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As the lights come up, Rosencrantz and Guildenstern are
now inside, watching as Ophelia rushes past, followed by Hamlet. Silently,
Hamlet grabs Ophelia but quickly releases her and runs offstage.
Ophelia runs off as well. Then Claudius and Gertrude enter. Speaking
Shakespearean English, Claudius confuses Rosencrantz with Guildenstern,
then explains that he wants their help in determining what is wrong
with Hamlet, their childhood friend. Speaking lines taken directly
from the play Hamlet, Claudius says that Hamlet
has recently changed, perhaps as a result of his father’s death.
Gertrude echoes Claudius’s comments. Also in Shakespearean English,
Rosencrantz and Guildenstern promise to do whatever they can to
figure out what is bothering Hamlet. Polonius enters to say that
he wishes he knew why Hamlet has changed so drastically. Everybody
but Rosencrantz and Guildenstern leaves.
Rosencrantz and Guildenstern try to figure out what has
just happened. Guildenstern comforts Rosencrantz by telling him
that they will soon understand why they are there and what they
need to do to return home. Guildenstern reminds him of the logic
at work in the universe and says that the two just have to stick
it out until the events have ended. They start discussing possible
causes of Hamlet’s madness, essentially repeating the speeches made
earlier by Claudius and Gertrude. Together, they decide to probe
Hamlet using questions and answers. They practice, borrowing the
scoring used in tennis, but succeed only in further confusing each
other. Whether they are seriously interested in the answers to each
other’s questions, or whether they want to beat the other one at
the game, is not clear.
Hamlet enters without speaking, then leaves. Immediately,
Guildenstern decides that Hamlet has changed greatly. Guildenstern suggests
that Rosencrantz pretend to be Guildenstern, while Guildenstern
pretends to be Hamlet so that they can practice the question-and-answer
game. After a while, Rosencrantz begins asking Guildenstern questions
about what has recently transpired at Elsinore, the court of Denmark.
They conclude confused, because Hamlet seems to have lots of reasons
to be upset: his father has recently died under murky circumstances,
and his uncle has usurped the throne to become king and married
his mother, Gertrude.
Hamlet comes back in, confusing his companion Polonius
with riddles. He excitedly greets Rosencrantz and Guildenstern but
mistakes one for the other as the stage goes dark.
Whereas Shakespeare’s Hamlet is a tragedy
with occasional moments of comedy, Stoppard’s play is a comedy with
occasional moments of tragedy. But both plays attempt to portray
the complexities of life. According to the plots of both plays,
Claudius has summoned Rosencrantz and Guildenstern to help with
Hamlet. But, as Rosencrantz and Guildenstern lucidly realize, Hamlet
has many reasons to be upset: he has just lost his father, the crown
(Claudius has become king of Denmark, even though Hamlet is of age
and capable of governing), and his mother (she remarried very quickly after
the death of Hamlet’s father). The interweaving of happy and sad
things occurs in the riddles Hamlet speaks to Polonius: these might
be a tragic result of his madness, they might simply be his childish
attempt to make his friends laugh by making fun of an old man, or
they might be a little of both. Similarly, the verbal sparring between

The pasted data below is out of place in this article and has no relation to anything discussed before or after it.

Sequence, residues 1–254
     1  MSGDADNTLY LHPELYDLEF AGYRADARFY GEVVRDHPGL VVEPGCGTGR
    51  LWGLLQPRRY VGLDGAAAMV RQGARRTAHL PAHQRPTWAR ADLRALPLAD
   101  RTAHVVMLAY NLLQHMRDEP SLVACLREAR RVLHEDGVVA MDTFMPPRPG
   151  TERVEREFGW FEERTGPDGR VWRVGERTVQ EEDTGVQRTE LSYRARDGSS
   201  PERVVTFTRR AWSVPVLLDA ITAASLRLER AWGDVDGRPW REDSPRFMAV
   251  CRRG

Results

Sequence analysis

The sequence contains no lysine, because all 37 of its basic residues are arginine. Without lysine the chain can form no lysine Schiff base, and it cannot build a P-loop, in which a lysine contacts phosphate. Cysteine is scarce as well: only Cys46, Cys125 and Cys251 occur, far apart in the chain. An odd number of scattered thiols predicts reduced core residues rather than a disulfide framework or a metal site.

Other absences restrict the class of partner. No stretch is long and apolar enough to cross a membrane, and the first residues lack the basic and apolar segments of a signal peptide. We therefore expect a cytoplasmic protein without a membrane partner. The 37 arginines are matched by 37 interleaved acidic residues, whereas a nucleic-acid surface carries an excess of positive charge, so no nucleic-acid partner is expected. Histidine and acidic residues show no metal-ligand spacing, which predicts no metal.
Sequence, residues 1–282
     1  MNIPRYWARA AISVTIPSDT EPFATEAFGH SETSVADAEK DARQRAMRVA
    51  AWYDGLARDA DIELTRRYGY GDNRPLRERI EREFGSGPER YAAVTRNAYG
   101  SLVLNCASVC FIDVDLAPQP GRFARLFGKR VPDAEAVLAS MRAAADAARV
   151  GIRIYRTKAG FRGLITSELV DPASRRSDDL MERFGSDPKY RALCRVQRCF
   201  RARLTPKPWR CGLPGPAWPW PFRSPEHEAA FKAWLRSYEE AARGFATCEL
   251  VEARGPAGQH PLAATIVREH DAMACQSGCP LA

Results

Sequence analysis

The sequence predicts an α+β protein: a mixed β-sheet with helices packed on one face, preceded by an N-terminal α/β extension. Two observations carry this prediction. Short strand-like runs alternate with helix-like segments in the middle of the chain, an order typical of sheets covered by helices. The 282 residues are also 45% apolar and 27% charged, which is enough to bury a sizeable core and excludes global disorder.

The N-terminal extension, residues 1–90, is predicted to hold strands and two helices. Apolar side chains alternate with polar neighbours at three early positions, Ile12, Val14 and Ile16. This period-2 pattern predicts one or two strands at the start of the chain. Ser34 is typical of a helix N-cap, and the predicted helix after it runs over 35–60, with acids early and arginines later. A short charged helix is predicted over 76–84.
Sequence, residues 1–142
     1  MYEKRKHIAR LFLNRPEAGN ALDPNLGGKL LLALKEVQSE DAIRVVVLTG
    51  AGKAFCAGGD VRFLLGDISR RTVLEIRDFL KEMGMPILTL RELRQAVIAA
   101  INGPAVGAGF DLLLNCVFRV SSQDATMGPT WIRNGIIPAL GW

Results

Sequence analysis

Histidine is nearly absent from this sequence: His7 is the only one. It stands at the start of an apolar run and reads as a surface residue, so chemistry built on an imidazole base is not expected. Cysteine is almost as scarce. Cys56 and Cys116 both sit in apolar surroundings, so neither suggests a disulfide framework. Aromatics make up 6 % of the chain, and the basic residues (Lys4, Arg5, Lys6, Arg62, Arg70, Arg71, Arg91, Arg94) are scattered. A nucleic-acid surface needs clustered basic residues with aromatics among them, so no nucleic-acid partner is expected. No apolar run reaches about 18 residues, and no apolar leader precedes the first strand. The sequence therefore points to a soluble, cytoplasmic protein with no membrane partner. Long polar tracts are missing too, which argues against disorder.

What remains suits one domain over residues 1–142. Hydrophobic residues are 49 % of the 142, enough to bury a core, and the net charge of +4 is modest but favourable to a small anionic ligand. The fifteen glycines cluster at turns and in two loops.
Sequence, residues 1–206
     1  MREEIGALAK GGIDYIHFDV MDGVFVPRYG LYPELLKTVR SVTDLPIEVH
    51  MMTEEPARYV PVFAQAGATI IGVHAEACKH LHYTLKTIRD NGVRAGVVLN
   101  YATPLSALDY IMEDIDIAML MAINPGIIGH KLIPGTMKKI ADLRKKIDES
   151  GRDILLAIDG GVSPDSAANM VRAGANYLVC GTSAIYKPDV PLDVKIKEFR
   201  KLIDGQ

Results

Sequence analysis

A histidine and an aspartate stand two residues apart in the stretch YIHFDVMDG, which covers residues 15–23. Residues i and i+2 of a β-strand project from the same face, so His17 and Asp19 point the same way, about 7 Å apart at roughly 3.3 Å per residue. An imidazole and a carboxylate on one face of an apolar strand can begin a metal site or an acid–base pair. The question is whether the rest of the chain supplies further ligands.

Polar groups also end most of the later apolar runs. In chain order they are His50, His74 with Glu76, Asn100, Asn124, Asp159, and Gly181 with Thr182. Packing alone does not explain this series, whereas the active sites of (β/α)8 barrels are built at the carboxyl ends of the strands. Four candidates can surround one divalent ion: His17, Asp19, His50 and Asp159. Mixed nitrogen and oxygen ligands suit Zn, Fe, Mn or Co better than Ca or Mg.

Rosencrantz and Guildenstern resembles a comedy routine, with non
sequitur following non sequitur, even as they try to figure out
whether their friend, tragically, has gone insane. They even highlight
the nonsensical nature of their dialogue by keeping score as if
the questions and answers were a game of tennis. Nobody, including
the men themselves, seems able to tell Rosencrantz from Guildenstern,
which is funny but also sad, as it comments on the difficulties
of establishing a firm identity in a chaotic world. Like life, the
two plays have moments of joy and sadness, and neither is wholly
funny nor entirely tragic.
Stoppard takes lines directly from Hamlet as
a way of emphasizing the relationship between his play and Shakespeare’s
play. On the one hand, without Hamlet,
and Guildenstern Are Dead would not exist. Stoppard borrows
heavily from Shakespeare’s text, including the characters of Rosencrantz
and Guildenstern, and he incorporates lines verbatim from Shakespeare
into his own work. Whenever Rosencrantz and Guildenstern speak to
a character from Hamlet, they switch from modern
English to Shakespearean English. Although they do not notice the
difference, we as readers are meant to pick up on the change in
language. On the other hand, Stoppard’s versions of Rosencrantz
and Guildenstern are very different from the two men found in Hamlet.
Whereas Shakespeare’s portrays the two men as goons with little
personality, Stoppard gives the men individual characteristics and
far more lines than in the original play. They think, feel, joke,
gamble, and reason. Rosencrantz and Guildenstern clearly want to
help Hamlet, and they attempt to ascertain whether Hamlet has, in
fact, gone insane through the game of question-and-answer. In this
sense, Stoppard’s Rosencrantz and Guildenstern do not simply act
as agents of Claudius, as Shakespeare’s versions do. Instead, Stoppard
lets Rosencrantz and Guildenstern try to function independently
from both Claudius, their king, and Shakespeare, their original
creator. Stoppard wants to emphasize Hamlet as
not solely the greatest work of drama in the English language but
as a play capable of speaking to us on a human, visceral level.
Ace your assignments with our guide to Rosencrantz and Guildenstern Are Dead!